Thursday, July 10, 2008

35. The House at Riverton

The title: The House at Riverton
The author: Kate Morton
Publication: Atria, 2008
Got it from: Library

I've had it. Between this book, Fabergé's Eggs and Her Royal Spyness, I'm thoroughly sick of the early twentieth century. I've had enough. I'm calling it quits on this time period. Escort me to my Victorian parlour, Jeeves. All these flappers and shell-shocked soldiers are upsetting my constitution.

Oh, so you want to know about this book? Well, it's about this very old woman in 1999, who's recounting her life as a servant in the 1910's-1920's and the messed-up family she serves. Basically, if you took Remains of the Day, Wuthering Heights and added a dash of Titanic, you'd get this book.

I should have liked this book. All the elements are there. Zigzag timeline + wealthy English people from long ago + good writing =.....zilch. This book did nothing for me other than depress me and make we want to run to my nearest froth-filled novel. I just couldn't relate to Grace, the heroine. I suppose she was acting as she should have for the time, but I wanted to beat her with a dead fish for most of the book. She makes some incredibly stupid decisions that mess up everyone's life, including her own, and when she's old she feels guilty about it. Well, duh. Almost no one gets a break in this book. It's like there are big anvils falling from the sky all the time, conking people on the head.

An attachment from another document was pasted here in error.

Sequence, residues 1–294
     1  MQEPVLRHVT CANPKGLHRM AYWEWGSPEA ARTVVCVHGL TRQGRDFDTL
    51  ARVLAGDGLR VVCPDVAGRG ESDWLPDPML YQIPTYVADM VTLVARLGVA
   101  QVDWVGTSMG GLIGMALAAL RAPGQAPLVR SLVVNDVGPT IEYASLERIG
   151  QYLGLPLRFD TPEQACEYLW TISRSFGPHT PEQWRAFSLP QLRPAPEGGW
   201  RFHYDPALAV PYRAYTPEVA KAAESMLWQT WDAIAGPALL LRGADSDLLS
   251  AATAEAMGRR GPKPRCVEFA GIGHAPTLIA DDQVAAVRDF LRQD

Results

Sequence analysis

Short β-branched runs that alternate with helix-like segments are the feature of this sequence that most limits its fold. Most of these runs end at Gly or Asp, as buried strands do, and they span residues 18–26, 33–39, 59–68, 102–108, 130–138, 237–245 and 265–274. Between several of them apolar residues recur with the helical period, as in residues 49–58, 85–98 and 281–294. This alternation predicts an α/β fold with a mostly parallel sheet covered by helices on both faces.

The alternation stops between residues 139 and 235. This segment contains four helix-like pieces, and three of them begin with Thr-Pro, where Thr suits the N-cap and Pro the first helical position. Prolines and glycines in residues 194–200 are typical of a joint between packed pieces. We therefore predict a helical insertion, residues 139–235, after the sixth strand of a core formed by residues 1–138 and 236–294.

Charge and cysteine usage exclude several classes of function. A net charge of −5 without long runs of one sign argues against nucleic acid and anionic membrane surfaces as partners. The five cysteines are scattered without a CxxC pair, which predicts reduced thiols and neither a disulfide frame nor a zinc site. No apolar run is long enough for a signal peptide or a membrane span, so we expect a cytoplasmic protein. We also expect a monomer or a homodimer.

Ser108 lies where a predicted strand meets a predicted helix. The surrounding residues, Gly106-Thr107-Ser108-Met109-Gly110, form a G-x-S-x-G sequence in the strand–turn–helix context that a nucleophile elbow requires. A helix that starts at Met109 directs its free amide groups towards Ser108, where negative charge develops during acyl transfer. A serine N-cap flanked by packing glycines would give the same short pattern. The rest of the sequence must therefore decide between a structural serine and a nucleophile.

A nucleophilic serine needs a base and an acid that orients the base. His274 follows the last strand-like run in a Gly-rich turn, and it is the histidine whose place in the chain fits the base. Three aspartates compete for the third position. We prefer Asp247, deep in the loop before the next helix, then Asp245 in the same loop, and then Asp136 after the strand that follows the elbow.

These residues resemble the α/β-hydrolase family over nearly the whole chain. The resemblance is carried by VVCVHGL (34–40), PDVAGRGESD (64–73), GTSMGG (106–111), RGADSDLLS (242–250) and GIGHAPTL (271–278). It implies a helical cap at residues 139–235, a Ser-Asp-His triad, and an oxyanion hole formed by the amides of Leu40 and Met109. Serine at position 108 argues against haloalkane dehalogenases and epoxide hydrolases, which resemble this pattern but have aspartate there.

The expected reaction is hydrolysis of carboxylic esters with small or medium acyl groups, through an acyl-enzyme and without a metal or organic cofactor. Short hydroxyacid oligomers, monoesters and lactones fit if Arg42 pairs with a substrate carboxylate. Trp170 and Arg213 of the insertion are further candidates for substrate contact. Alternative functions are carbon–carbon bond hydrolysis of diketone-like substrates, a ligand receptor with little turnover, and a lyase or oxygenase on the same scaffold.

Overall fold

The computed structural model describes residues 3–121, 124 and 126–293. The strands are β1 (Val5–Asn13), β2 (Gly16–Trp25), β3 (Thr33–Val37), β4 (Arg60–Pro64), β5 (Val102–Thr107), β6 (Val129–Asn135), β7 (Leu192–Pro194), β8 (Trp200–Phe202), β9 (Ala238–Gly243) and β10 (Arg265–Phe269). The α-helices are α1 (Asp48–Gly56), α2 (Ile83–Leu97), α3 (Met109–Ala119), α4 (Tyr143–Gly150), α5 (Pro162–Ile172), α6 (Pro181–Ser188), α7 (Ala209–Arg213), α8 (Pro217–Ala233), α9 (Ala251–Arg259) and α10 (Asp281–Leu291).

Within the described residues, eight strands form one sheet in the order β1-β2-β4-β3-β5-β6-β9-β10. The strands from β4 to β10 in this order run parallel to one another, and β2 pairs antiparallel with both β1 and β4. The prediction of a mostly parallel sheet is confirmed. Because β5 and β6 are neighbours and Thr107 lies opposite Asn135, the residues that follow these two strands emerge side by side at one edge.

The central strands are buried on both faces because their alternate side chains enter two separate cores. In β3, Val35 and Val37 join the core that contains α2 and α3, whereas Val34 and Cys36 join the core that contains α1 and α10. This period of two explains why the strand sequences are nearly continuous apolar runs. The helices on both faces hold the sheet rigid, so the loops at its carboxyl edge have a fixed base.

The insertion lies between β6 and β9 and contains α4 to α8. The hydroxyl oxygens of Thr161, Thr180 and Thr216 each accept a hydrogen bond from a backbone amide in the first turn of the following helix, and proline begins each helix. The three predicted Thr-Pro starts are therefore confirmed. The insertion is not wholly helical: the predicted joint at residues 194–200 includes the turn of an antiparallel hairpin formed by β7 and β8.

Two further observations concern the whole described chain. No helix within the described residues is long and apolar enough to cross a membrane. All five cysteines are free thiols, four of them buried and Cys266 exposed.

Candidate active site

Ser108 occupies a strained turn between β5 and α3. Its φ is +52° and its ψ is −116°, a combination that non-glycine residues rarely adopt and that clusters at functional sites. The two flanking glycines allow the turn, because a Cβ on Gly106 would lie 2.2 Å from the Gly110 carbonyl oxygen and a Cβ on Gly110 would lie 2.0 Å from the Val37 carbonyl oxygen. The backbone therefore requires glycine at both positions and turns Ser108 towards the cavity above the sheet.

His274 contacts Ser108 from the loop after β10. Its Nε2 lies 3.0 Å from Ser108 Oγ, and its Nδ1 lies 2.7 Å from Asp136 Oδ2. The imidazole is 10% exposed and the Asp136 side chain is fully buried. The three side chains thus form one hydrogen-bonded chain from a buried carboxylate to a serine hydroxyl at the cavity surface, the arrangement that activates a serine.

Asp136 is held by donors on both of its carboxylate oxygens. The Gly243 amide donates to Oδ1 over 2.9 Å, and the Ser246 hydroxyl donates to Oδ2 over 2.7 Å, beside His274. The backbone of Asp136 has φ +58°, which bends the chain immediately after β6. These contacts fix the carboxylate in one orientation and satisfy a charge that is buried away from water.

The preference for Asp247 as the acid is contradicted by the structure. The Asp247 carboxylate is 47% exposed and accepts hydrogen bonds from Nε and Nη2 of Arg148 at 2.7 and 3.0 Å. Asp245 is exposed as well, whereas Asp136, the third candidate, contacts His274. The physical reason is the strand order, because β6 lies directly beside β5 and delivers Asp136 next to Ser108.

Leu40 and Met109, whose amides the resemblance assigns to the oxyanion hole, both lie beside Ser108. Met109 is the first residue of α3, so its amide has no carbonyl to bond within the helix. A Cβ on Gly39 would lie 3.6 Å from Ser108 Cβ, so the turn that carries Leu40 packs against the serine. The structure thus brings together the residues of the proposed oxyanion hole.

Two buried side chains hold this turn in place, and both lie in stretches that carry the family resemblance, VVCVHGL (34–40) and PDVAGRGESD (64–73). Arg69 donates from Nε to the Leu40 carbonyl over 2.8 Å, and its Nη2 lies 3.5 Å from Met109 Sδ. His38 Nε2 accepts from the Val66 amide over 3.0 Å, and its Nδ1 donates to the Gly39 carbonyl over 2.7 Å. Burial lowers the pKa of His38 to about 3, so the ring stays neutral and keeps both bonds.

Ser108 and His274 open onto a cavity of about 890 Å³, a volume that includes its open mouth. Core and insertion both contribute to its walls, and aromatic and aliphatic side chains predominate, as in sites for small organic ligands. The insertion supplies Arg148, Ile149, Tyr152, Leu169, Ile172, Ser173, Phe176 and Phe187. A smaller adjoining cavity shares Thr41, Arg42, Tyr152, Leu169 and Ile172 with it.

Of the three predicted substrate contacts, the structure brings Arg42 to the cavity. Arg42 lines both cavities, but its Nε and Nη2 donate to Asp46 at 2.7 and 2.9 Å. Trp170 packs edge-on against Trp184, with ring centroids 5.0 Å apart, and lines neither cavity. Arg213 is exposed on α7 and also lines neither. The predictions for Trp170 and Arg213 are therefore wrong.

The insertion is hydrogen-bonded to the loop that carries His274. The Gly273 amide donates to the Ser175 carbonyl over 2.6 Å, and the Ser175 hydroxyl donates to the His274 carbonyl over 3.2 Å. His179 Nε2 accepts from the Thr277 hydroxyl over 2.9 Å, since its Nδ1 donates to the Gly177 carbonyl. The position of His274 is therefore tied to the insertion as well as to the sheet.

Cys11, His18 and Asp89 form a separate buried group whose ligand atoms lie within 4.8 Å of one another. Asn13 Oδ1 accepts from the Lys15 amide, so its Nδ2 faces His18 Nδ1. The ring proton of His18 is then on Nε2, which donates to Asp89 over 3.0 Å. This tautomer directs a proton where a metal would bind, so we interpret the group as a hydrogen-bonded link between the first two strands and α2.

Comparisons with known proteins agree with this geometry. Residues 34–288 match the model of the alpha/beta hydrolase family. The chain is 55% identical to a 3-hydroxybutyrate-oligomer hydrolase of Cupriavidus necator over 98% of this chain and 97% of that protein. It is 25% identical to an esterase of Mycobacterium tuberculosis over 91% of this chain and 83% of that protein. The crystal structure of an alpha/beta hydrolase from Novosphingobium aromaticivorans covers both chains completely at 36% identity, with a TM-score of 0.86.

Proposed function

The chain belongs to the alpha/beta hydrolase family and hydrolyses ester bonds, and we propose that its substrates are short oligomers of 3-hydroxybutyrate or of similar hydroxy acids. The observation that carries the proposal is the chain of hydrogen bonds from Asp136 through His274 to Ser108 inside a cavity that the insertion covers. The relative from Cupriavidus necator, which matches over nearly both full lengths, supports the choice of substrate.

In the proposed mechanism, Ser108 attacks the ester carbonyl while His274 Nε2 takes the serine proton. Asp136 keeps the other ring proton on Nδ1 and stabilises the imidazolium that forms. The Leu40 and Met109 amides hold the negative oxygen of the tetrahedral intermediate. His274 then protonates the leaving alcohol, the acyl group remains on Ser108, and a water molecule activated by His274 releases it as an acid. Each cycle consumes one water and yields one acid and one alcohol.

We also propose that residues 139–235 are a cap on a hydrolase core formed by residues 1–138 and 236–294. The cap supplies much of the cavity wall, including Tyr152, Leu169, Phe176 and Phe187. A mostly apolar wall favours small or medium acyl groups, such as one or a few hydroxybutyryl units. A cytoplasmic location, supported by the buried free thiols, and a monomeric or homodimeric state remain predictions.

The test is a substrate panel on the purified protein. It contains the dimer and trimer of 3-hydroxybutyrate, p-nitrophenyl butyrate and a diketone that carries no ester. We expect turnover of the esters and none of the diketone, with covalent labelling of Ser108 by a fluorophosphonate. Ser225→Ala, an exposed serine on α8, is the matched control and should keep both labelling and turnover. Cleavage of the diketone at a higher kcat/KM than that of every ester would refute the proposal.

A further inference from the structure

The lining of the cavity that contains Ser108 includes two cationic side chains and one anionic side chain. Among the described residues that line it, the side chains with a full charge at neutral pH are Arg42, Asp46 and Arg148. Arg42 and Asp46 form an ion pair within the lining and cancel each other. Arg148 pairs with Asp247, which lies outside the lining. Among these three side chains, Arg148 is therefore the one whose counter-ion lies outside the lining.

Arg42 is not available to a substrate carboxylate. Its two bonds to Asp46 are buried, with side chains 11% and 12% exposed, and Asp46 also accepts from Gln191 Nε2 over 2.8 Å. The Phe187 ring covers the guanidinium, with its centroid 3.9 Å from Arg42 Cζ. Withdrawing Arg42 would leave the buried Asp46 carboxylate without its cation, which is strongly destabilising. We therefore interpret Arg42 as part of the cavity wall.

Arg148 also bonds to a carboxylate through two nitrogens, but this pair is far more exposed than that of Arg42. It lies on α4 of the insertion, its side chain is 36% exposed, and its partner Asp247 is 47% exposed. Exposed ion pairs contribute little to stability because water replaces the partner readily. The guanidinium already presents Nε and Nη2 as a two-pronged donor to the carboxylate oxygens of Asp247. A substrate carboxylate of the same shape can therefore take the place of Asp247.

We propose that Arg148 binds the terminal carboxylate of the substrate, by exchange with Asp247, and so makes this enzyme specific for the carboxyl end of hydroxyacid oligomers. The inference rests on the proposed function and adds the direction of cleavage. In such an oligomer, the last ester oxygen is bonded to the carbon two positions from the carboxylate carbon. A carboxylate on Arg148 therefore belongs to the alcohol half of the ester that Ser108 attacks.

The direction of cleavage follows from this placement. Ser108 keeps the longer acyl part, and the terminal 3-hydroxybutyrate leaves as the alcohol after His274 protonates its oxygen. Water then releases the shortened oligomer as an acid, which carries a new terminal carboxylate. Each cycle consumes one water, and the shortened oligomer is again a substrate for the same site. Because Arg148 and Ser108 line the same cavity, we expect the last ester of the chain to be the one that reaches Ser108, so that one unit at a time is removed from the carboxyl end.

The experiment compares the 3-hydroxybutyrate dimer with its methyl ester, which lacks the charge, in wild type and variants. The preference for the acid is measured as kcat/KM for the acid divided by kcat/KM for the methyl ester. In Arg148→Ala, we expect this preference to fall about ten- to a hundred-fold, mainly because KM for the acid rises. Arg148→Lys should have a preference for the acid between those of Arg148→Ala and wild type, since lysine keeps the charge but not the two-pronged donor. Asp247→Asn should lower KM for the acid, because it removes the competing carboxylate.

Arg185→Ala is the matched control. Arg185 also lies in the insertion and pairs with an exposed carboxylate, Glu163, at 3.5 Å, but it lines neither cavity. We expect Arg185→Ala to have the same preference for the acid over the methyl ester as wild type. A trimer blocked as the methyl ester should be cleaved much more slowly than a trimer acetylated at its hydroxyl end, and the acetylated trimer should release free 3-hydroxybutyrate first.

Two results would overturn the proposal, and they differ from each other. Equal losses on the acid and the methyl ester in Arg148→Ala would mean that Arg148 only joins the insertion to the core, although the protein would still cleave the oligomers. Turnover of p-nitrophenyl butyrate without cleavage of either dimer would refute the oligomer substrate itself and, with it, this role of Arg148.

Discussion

I figured out Grace's "big secret" about fifty pages in, and it was so frustrating to have her not figure it out until a scrillion years have gone by. And then she never tells anyone! What the freak is that about? And then the "other" big secret at the end, involving the filmmaker who's making a movie about the events at Riverton - Grace realizes who the filmmaker is at the end, and again she doesn't tell anyone! Give me a break! Why does everyone have to be so repressed and not state the obvious in these books? I hate people who are like that in real life and I don't want to read about them either. I mean, the woman is dying. The least she can do is say, "Hey, guess what Ursula? You're actually...." But no. It can never be that way in these "arty" type of books. Everyone has to die in horrible, romantic ways, no one can ever live happily ever after and the book can't lighten up for more than a nanosecond. I'm sure there's lots of weepy, sentimental types who will like this book. But for me, it was a drag. D+.

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